Operations on Floating Point Values | Data Types and Literals | Teradata Vantage - 17.10 - Operations on Floating Point Values - Advanced SQL Engine - Teradata Database

Teradata Vantageā„¢ - Data Types and Literals

Product
Advanced SQL Engine
Teradata Database
Release Number
17.10
Release Date
July 2021
Content Type
Programming Reference
Publication ID
B035-1143-171K
Language
English (United States)

Inconsistencies When Used With Common C Library Functions

Use of floating point data in Common C library functions can be inconsistent between different compilers and supporting libraries. For example, trigonometric functions in the C runtime library may return slightly different values depending on the Linux version or distribution.

Comparison and Computation Inaccuracies

Because floating point numbers are not stored as exact values, some inaccuracy is inherent and unavoidable when they are involved in comparisons and computations.

Here are some of the problems you might encounter:
  • Identical computations in floating point arithmetic may produce slightly different results on different machines because internal precision differs from computer to computer, and from model to model in the same series of computer.
  • Because floating point decimal values generally do not have exact binary representations, calculations involving floating point values can often produce results that are not what you might expect. For example, the common decimal number 0.1 is a repeating sequence in binary and does not have a precise binary representation. If you perform a calculation and then compare the results against some expected value, it is highly unlikely that you get exactly the result you intended.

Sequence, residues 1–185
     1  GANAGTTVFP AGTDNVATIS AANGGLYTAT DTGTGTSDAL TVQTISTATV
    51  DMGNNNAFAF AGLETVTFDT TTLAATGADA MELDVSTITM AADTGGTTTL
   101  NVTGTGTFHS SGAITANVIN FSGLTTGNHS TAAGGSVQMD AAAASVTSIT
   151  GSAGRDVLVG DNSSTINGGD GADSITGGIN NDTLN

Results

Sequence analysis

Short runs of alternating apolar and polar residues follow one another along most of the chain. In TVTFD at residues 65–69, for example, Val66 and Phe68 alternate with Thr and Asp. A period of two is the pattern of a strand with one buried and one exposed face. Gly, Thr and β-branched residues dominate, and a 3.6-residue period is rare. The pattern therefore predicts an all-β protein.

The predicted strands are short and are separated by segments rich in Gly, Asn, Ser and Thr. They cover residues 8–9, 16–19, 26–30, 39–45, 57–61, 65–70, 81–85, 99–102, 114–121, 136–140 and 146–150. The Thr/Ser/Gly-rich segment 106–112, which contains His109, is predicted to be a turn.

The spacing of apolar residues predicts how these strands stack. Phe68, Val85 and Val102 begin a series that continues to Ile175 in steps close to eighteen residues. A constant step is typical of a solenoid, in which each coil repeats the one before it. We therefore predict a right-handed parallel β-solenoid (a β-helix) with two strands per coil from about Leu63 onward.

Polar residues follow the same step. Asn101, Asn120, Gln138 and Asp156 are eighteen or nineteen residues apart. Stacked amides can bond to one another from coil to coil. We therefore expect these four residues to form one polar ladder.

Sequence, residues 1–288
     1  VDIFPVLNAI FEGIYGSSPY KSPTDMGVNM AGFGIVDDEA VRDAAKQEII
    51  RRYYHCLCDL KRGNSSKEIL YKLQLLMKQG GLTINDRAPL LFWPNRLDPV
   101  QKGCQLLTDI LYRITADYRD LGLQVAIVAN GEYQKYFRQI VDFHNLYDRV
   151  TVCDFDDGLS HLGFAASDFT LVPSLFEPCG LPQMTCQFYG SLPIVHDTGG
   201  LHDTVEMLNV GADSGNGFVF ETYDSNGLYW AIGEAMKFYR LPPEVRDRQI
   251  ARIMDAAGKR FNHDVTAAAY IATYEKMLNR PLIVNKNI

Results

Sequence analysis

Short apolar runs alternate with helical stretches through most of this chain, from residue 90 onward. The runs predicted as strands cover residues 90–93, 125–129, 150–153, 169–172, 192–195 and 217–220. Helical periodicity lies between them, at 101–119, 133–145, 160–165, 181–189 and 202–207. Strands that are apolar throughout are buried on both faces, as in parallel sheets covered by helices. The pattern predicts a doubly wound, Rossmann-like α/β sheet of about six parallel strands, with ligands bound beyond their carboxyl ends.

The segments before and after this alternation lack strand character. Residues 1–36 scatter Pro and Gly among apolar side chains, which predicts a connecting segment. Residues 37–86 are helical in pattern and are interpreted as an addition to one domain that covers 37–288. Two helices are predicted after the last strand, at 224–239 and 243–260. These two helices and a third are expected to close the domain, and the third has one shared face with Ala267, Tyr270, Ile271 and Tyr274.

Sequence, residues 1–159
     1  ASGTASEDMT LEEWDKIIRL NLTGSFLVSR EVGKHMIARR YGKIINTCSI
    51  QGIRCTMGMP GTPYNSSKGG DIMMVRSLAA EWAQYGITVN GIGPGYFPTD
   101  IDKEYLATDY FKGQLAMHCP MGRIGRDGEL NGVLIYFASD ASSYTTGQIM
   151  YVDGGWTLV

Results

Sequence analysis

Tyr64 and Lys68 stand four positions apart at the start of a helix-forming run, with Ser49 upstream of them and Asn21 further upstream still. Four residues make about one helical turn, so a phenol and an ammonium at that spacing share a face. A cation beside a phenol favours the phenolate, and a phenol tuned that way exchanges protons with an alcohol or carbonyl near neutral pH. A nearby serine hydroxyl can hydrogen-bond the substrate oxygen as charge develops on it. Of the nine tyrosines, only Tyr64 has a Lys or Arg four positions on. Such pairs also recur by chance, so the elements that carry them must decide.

• If you add or subtract floating point numbers that differ greatly in size, the contribution of the small numbers can effectively be lost. For example, 1E20 + 1.0 and 1E20 - 1.0 evaluate to 1E20.
  • Operations involving floating point numbers are not always associative due to approximation and rounding errors: ((A + B) + C) is not always equal to (A + (B + C)).

    Although not readily apparent, the non-associativity of floating point arithmetic can also affect aggregate operations: you can get different results each time you use an aggregate function on a given set of floating point data. When SQL Engine performs an aggregation, it accumulates individual terms from each AMP involved in the computation and evaluates the terms in order of arrival to produce the final result. Because the order of evaluation can produce slightly different results, and because the order in which individual AMPs finish their part of the work is unpredictable, the results of an aggregate function on the same data on the same system can vary.

  • Conversion of DECIMAL and INTEGER values to FLOAT values might result in a loss of precision or produce a number that cannot be represented exactly.
  • GROUP BY on a FLOAT type can produce inconsistent results.

If you need exact results, do not use floating point types.